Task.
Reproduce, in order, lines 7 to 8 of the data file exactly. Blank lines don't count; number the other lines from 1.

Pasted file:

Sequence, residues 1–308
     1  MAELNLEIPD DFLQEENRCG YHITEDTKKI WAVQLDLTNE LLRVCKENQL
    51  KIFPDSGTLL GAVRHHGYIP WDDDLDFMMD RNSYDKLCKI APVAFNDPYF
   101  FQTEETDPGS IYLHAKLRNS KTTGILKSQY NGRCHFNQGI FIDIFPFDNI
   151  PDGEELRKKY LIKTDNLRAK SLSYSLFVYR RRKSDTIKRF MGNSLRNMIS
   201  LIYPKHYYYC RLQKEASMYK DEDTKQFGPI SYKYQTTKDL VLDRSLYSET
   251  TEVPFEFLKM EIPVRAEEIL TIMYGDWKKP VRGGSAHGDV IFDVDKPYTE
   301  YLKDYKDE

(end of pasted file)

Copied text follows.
   251  TEVPFEFLKM EIPVRAEEIL TIMYGDWKKP VRGGSAHGDV IFDVDKPYTE
   301  YLKDYKDE